In this circumstance, I would turn to the issue whether § 287.240, RSMo Supp. 1976, offends Art. I, § 2 of the Missouri Constitution.
In Poe v. Ullman, 367 U.S. 497, 542 543, 81 S.Ct. 1752, 6 L.Ed.2d 989 (1961), Mr. Justice Harlan, in dissent, speaking of the Due Process Clause of the Fourteenth Amendment to the Constitution of the United States, expressed the view that "it has represented the balance which our Nation, built upon postulates of respect for the liberty of the individual, has struck between that liberty and the demands of organized society." He then declared that "the liberty guaranteed by the Due Process Clause * * * is a rational continuum which, broadly speaking, includes a freedom from all substantial arbitrary impositions and purposeless restraints * * *, and which also recognizes, what a reasonable and sensitive judgment must, that certain interests require particularly careful scrutiny of the state needs asserted to justify their abridgment. * * *."
In Missouri, "all political power is vested in and derived from the people" (Mo.Const. Art. I, § 1), and the power granted by the Constitution "is intended to promote the general welfare of the people" (Mo.Const. Art. I, § 2); but "all persons * * * are entitled to equal rights and opportunity under the law" (Mo.Const. Art. I, § 2). These provisions represent a balance which Missouri has struck between "the demands of organized society" and the entitlement of individuals to "equal rights and opportunity under the law." In simplistic terms, it is the primary function of the legislative department to address "the demands of organized society," and the primary function of the judicial department to assure individuals "equal rights and opportunity under the law * * *." Mr. Justice Harlan's view would involve "particularly careful scrutiny of the state needs asserted to justify" a denial of "equal rights and opportunity under the law. * * *." Mr. Justice Harlan's approach is not permissible in Missouri. The judicial department may not exercise any power properly belonging to the legislative department. (Mo.Const. Art. II, § 1).
The determination of a question whether "the demands of organized society," as reflected by a particular statute, are sufficient to justify an abridgment of a right reserved to the people is an appropriate exercise of a governmental function by the legislative department and is entitled to considerable deference.
The determination of the extent to which a right reserved to the people may be abridged by a statute, if at all, is an exercise of the judicial function, and should be conclusive on the question of the constitutionality of that statute. The judicial department is the ultimate protector of the rights of individuals.
The problem of determining the extent to which a right reserved to the people may be abridged by a statute, if at all, is a difficult one. The "demands of organized society" are probably not relevant to the judicial inquiry. The protection of individual rights from abridgments by statute does not lend itself easily to the construction and application of a formula. Hopefully, the Bench and Bar will address the problem. Historically, in Missouri, gender-based discriminations are held to be matters for legislative determination that cannot be considered by the courts. Brawner v. Brawner, 327 S.W.2d 808, 815 (Mo.banc 1959). In my view, the law should be changed so that, as a minimum, if a statute, which purports to satisfy the demands of organized society, invidiously discriminates between male and female persons, those demands and perceived needs should yield and the statute should be declared unconstitutional. King v. Swenson, 423 S.W.2d 699, 705 (Mo. banc 1968); Cf. Williamson v. Lee Optical Co., 348 U.S. 483, 489, 75 S.Ct. 461, 99 L.Ed. 563 (1955).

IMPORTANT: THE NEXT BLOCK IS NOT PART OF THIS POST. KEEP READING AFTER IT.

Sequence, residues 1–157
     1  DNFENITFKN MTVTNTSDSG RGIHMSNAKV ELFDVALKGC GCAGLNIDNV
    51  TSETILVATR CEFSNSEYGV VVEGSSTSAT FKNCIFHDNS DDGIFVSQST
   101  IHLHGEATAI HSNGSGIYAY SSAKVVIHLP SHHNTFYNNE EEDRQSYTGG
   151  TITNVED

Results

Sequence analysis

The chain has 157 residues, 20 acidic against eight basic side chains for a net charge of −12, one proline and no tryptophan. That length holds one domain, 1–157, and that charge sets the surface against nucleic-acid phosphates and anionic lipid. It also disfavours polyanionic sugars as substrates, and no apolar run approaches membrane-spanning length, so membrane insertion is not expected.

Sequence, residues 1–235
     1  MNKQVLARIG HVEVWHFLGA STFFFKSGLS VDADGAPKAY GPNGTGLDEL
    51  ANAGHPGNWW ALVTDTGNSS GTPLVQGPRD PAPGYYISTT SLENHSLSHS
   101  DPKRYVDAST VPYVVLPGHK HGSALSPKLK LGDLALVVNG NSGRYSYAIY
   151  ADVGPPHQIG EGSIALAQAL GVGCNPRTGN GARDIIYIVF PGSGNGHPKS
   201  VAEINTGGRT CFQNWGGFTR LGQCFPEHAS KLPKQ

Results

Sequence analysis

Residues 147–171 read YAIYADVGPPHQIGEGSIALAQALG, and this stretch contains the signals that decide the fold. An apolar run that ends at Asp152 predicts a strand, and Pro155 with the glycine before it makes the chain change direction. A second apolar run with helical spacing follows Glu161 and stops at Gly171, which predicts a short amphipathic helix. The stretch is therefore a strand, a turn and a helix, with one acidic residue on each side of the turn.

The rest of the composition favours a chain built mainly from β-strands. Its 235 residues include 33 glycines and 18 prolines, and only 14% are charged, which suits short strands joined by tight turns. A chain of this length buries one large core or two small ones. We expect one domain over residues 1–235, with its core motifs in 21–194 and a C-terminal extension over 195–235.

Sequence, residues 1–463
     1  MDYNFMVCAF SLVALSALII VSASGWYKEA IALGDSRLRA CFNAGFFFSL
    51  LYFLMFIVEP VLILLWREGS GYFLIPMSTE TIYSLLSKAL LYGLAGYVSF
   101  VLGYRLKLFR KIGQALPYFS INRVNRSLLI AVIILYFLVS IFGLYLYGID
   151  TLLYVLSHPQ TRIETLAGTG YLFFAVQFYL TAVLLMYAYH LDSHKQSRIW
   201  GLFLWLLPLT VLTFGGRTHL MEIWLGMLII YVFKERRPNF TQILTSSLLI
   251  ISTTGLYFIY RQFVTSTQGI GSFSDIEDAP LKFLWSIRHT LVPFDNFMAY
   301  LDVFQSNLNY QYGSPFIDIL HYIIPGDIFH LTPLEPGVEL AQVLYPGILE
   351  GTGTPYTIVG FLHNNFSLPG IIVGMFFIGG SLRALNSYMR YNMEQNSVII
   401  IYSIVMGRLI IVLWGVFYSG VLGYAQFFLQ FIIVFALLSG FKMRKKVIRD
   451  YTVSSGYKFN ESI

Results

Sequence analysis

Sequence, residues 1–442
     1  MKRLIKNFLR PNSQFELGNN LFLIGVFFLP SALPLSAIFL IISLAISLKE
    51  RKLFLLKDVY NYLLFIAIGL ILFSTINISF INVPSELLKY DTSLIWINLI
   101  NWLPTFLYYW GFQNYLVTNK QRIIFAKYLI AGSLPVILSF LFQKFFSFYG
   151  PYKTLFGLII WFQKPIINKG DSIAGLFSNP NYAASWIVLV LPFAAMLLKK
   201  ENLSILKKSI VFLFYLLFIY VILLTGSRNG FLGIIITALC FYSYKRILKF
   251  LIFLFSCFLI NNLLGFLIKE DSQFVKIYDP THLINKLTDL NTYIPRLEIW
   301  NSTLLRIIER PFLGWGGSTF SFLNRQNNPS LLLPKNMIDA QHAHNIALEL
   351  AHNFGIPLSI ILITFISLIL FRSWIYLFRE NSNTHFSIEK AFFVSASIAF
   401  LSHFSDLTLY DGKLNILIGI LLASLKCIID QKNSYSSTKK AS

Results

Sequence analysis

It is worth noting that "exclusive appellate jurisdiction in all cases involving the validity of * * * a statute or provision of the Constitution of this State" is in this Court (Mo.Const. Art. V, § 3). Until a formula evolves, the people of Missouri have a right to expect that the judges of this Court would not "draw on our merely personal and private notions and disregard the limits that bind judges in their judicial function." Rochin v. California, 342 U.S. 165, 170, 72 S.Ct. 205, 208-209, 96 L.Ed. 183 (1952); See Benjamin N. Cardozo, The Nature of the Judicial Process (New Haven: Yale University Press, 1921).
In final analysis, "[e]ach new claim to Constitutional protection must be considered against a background of Constitutional purposes, as they have been rationally perceived and historically developed." Poe v. Ullman, supra, 367 U.S. at 544, 81 S.Ct. at 1777 (Harlan, J., dissenting).
I concur only in the result.
I respectfully dissent. I would hold the statute unconstitutional as violative of the equal protection clause of both the Missouri and federal constitutions and would require death benefits be awarded surviving husbands on the same basis as they are presently awarded widows. I think the matter is well put in Passante v. Walden Printing Co., 53 A.D.2d 8, 11-12, 385 N.Y.S.2d 178, 180-81 (1976), as follows:
"[I]t is clear that the statute before us discriminates against the married woman whose employment contributes to the economic well-being of her family; whereas the working man, as a benefit of employment, is given the security of knowing that in the event of his work-related death, his widow, and therefore in most cases his family, will not suffer the loss of his entire income, the working woman is given no such guarantee ...